A study commissioned by Venus Bay residents found recreational harvesting of pipis was having a substantial impact on the beach. Photo: Eddie JimRenewed commercial shellfish harvesting along a popular Victorian beach has sparked fears of irreversible environmental damage and infuriated locals.
The decision to allow commercial harvesting of pipis in Venus Bay in South Gippsland is controversial as the beach already attracts many “recreational” harvesters.
Recreational harvesting has proliferated in recent years causing tensions with residents who say many collectors ignore rules on daily catch limits, resulting in depleted stocks.
The Victorian National Parks Association has slammed commercial harvesting in Cape Liptrap Coastal Park, which includes Venus Bay, citing concerns that pipi numbers are in “serious decline”. The association is calling for a 12-month moratorium of commercial harvesting in Cape Liptrap.
Victorian National Parks Association marine and coastal co-ordinator Chris Smyth said too little was known about the impact of harvesting on pipi stocks.
“There needs to be a far more comprehensive and ongoing scientific monitoring program,” he said.
Mr Smyth said pipi harvesting should be banned entirely in the southern part of Venus Bay to protect the population.
Authorities maintain that commercial fishing of pipis has long been permitted in Venus Bay, and no new licenses have been issued. Only one commercial license holder is currently fishing in Venus Bay, according to a spokeswoman for the Department of Economic Development, Jobs, Transport and Resources.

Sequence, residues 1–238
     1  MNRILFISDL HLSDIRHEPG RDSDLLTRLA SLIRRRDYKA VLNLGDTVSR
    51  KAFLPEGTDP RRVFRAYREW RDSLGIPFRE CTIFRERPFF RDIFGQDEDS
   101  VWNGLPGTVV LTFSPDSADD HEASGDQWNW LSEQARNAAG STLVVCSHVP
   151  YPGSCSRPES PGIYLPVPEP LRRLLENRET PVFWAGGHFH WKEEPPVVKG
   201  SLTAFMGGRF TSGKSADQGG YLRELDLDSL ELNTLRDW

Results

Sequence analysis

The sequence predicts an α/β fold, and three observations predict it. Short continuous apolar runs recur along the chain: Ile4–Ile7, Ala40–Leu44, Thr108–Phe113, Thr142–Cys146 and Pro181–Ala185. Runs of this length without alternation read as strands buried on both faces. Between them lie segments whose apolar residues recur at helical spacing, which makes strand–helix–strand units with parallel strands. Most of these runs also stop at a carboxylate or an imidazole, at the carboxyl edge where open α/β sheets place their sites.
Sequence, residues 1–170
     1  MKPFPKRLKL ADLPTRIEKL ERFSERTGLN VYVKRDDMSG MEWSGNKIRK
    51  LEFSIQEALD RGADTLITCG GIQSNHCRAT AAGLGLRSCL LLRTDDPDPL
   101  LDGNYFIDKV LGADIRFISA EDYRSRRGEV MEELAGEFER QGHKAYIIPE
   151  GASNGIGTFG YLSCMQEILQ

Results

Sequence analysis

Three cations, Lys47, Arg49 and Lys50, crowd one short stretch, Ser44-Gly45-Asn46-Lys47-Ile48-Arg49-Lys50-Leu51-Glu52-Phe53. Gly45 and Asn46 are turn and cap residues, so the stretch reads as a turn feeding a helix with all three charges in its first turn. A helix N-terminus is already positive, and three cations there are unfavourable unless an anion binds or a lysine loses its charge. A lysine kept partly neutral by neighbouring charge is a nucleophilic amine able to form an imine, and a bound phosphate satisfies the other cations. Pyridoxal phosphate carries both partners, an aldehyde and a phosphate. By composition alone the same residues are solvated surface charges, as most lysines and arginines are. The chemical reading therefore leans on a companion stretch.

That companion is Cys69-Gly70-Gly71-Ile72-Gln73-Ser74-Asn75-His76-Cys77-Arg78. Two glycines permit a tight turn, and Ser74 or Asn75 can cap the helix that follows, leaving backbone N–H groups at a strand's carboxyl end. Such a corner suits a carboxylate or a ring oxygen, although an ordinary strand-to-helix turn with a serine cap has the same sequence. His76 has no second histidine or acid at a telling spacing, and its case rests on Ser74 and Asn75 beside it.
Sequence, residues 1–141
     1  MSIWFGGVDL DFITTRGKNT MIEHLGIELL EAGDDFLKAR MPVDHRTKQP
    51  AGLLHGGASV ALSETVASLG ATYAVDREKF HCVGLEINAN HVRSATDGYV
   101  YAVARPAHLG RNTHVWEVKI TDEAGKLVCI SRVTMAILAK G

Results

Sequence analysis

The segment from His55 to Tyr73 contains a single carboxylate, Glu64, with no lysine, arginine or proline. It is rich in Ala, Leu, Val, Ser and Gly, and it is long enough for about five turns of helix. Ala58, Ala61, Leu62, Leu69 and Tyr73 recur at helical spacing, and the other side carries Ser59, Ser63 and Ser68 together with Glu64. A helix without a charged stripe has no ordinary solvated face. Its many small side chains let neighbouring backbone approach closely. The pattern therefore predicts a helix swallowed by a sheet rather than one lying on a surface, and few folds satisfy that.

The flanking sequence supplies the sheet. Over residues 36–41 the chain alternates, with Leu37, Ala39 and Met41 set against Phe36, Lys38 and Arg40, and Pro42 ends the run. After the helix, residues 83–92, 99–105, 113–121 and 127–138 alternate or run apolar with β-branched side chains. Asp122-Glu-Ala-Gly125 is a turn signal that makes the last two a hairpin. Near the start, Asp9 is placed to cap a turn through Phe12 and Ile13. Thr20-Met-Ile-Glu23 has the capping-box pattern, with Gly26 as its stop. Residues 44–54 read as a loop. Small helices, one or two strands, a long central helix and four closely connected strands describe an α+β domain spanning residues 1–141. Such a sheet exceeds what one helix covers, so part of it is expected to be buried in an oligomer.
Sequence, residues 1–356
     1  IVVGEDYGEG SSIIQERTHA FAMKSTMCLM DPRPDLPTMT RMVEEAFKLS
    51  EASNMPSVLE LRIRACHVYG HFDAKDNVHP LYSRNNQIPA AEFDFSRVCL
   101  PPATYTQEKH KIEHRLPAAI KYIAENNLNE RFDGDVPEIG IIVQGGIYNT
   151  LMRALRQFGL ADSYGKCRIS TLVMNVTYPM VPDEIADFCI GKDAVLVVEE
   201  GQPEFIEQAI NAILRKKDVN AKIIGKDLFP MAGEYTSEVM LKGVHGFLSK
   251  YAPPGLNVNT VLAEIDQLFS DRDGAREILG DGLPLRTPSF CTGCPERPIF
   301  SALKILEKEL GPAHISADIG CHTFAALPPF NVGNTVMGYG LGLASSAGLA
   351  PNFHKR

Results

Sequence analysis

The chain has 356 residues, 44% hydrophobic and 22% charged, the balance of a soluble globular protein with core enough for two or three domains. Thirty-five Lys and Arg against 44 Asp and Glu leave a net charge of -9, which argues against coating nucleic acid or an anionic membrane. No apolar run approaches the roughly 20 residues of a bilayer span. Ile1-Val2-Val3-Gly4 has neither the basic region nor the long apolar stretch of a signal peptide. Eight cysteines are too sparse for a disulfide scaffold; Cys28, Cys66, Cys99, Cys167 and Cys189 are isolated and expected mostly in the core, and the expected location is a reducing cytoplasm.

But locals say it was only in summer that they first saw a commercial operator collecting large numbers of shellfish with a trolley and hessian bags.
A notice gazetted shortly before the November election specified areas in Venus Bay that were open to commercial harvesting.
A study commissioned by Venus Bay residents found recreational harvesting was having a substantial impact on the beach.
Marine ecologist and consultant Greg Parry, who conducted the study, also recommended closing sections of the Venus Bay beach off to harvesting at different times.
“The recreational harvesting had reduced the population in the fished area very significantly by about three quarters,” he said. “By opening the other part of the beach to commercial fishing they run the risk of causing the collapse of the pipi population on the whole beach.”
During the summer holiday period, fisheries officers uncovered more than 150 “alleged offences” during inspections of pipi collectors in Venus Bay.
Recreational harvesters are subject to a two-litre limit in the region. The officers issued 15 infringement notices, 13 official warnings and 138 verbal warnings for minor offences.
In early December, a Melbourne man was allegedly caught in Venus Bay with more than 10 times the daily limit.
Friends of Venus Bay Peninsula president Mae Adams said up to 4000 people a day descended on the beach to harvest shellfish during peak summer holidays. “There’s been enormous pressure on the beach, particularly in the past five years,” she said.
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